"And being a Hobbit no doubt very hungry." the Man
said briskly. "I can do something about that at
The Man, whose name it seemed was Hurin and was
somebody important here in Minas Tirith, (2) took them
down the long passage and out a door at the far end
into a narrow alley lined with tall buildings. Then
through an arch and down a flight of steps to a small
house, like a little castle with a dome and turrets,
clinging like a limpet to the side of the mountain.
They sat at a round table under the dome, which was
painted blue with a gold sun and silver stars, and Men
in green and white brought them cold meat, fruit,
cheese and bread to eat and ale to drink. Pippin
practically had the food to himself, his companions
seemed much more interested in talking.
"It's not just Denethor," Hurin told Gandalf, "the
entire city is in shock. Boromir was the hope that
gave us the heart to fight on, without him - " the Man
shook his head.
"There is Faramir!" Gandalf snapped.
Hurin smiled wryly. "No need to bite my head off,
Mithrandir, I haven't forgotten my younger cousin."
then his face went grave. "I know Faramir's worth, but
all his life he has been overshadowed by Boromir. And
though he is as brave and resourceful, and far wiser
in old lore, he is not the born leader of Men his
"There are few who are." Gandalf conceeded. Then,
flatly: "Aragorn is in Rohan."
Hurin's face lit up as if somebody had fired a
torch inside it. Pippin stared in awe, meat half
chewed in his mouth. "The Dundadan is here in the
South? That is great news, Mithrandir!"
Gandalf's eyes narrowed. "You did not know?
Hurin blinked. "No word of Aragorn son of Arathorn
has come to us by Man or bird, or I would have heard
it as well. Denethor must have Seen him. He has the
long sight and percieves more than other Men, even
those of the Ancient Blood."
"Hmmm." said Gandalf.
"The Dunadan must come to Minas Tirith,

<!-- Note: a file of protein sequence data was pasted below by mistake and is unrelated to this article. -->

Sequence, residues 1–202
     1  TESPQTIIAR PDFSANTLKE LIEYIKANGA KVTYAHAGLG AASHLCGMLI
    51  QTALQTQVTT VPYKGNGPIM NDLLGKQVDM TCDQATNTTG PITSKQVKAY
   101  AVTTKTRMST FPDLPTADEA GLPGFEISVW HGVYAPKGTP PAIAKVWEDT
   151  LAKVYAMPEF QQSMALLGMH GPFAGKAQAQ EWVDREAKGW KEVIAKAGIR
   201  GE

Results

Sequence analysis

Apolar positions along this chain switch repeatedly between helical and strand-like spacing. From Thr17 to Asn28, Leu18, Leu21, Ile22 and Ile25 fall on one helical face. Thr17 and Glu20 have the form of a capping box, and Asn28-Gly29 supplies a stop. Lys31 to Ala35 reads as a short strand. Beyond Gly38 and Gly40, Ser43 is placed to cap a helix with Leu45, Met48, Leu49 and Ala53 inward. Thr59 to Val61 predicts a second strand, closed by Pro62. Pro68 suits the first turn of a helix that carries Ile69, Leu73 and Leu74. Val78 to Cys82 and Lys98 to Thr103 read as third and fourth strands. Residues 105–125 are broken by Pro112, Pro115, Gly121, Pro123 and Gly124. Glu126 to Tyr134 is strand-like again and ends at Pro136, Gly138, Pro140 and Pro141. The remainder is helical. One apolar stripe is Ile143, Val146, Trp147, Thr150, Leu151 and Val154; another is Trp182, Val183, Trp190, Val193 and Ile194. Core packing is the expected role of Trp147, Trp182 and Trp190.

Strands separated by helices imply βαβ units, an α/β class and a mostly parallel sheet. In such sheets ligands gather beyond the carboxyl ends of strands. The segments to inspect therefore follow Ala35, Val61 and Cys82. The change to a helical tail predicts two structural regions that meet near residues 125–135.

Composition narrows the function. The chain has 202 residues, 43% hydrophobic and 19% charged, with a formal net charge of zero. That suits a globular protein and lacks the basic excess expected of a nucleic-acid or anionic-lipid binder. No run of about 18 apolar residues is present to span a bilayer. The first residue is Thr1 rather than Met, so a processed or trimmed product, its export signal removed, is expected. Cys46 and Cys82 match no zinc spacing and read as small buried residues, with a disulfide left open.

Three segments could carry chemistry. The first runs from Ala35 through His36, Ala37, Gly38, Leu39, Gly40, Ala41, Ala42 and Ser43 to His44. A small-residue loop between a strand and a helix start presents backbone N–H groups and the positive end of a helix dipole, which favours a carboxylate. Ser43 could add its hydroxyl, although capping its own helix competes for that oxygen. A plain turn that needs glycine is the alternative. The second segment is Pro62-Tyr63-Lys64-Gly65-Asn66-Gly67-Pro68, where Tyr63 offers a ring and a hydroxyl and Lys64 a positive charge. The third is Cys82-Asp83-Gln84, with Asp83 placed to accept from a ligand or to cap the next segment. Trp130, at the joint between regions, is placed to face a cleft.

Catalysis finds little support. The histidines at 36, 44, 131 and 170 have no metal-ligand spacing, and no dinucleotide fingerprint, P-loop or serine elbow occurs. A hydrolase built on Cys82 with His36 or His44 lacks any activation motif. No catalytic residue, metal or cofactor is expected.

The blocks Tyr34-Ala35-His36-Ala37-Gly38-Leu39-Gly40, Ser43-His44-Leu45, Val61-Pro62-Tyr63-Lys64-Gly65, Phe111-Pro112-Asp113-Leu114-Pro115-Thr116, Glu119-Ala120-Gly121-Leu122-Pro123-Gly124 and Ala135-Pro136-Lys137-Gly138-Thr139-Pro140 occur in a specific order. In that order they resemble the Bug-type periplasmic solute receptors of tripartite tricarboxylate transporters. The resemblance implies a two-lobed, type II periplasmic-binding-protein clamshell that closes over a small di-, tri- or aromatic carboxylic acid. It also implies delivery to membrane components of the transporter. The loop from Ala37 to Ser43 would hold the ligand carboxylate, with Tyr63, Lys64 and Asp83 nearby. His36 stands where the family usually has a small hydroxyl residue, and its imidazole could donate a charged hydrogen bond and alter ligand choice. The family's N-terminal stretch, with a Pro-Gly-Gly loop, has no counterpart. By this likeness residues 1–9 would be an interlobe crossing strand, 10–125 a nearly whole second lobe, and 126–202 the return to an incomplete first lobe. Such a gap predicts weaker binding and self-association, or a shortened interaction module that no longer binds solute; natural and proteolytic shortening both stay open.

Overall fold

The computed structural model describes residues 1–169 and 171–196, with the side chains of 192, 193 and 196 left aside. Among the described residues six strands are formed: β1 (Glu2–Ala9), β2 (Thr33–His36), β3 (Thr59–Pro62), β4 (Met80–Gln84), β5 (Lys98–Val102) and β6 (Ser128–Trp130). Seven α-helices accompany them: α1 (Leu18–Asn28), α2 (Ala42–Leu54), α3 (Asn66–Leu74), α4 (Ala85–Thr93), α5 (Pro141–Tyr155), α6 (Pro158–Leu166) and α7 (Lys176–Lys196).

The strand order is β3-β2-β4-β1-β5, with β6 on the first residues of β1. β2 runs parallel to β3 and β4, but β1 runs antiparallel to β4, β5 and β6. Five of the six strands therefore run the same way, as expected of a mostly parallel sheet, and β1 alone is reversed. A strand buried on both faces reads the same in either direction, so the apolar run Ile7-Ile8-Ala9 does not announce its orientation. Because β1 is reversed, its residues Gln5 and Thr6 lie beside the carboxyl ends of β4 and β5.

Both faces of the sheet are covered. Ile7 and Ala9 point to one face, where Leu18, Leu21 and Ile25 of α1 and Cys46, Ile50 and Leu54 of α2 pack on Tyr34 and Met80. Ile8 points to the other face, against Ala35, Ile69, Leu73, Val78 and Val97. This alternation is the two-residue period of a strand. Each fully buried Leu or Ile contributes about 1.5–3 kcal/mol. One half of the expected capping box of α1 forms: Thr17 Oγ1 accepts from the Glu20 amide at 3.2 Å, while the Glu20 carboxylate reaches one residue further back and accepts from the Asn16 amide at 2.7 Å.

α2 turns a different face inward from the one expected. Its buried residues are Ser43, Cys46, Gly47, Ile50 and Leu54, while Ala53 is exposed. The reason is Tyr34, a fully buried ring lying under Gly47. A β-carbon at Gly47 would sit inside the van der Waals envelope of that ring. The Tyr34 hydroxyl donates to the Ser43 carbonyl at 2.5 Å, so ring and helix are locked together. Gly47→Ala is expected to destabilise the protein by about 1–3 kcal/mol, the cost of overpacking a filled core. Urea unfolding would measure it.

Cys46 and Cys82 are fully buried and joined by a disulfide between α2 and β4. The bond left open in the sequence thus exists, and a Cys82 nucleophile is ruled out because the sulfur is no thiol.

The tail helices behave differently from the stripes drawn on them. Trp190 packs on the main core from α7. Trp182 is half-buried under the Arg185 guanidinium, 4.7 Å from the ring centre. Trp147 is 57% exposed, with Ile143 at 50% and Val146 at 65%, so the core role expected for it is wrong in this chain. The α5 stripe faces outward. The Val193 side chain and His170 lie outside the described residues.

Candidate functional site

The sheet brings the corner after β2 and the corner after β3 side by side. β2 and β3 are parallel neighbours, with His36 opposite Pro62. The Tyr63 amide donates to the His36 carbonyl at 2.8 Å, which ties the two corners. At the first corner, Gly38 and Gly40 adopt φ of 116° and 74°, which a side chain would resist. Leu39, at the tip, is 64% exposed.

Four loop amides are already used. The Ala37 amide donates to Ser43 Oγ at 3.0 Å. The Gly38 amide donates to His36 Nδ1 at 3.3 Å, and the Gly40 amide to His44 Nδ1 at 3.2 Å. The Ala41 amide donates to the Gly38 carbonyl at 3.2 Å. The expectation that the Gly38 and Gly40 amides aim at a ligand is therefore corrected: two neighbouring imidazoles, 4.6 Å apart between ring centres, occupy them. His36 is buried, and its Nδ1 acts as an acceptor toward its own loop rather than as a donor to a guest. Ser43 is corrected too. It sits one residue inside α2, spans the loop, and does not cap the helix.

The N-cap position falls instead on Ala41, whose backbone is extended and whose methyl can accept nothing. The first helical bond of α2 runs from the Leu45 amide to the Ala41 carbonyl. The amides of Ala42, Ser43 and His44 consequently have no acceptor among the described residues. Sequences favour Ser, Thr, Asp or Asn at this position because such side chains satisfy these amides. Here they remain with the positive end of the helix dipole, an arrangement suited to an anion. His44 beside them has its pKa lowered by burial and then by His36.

Mithrandir." Hurin said urgently. "I know the dangers
but only he can put the heart and the spirit back into
"Boromir wanted him to come," Pippin said suddenly,
remembering things he'd overheard while the Company
was still together, "but Strider wouldn't." Man and
wizard looked at him in surprise, almost disbelief. "I
heard them arguing about it many times." he finished
"So...The Steward's heir desired the return of the
King." Gandalf mused. "But would he have set his will
against his father's?" sighed. "Perhaps it is as well
we shall never know." briskly to Hurin. "Aragorn will
come, but in some way no one, not even Denethor, will
expect." grimly. "Better he had come unheralded, but
it seems that was not meant to be."
"Why?" Pippin asked worriedly, "What's wrong with
old Strider? And why does Lord Denethor hate him when
he doesn't even know him?"
Hurin smiled wryly at that. "Oh he knows him all
"What is the point of eavesdropping, Peregrin Took,
if you pay no attention to what you hear!" Gandalf
demanded. "Have you been walking with eyes and ears
tight shut all these months? Don't you understand,
Aragorn is Isildur's Heir and the rightful King of
"Oh." Pippin said, rather blankly, then his eyes
opened wide in sudden understanding. "Oh!"
The servants were just clearing away the empty
dishes and cups when a third Man came in and said very
formally to Hurin, "The Lady Idril, my Lord."
The Woman behind him was much taller than a
Hobbit-lass but looked small next to these towering
Men of Gondor. Dressed in a rich, somber gown of peat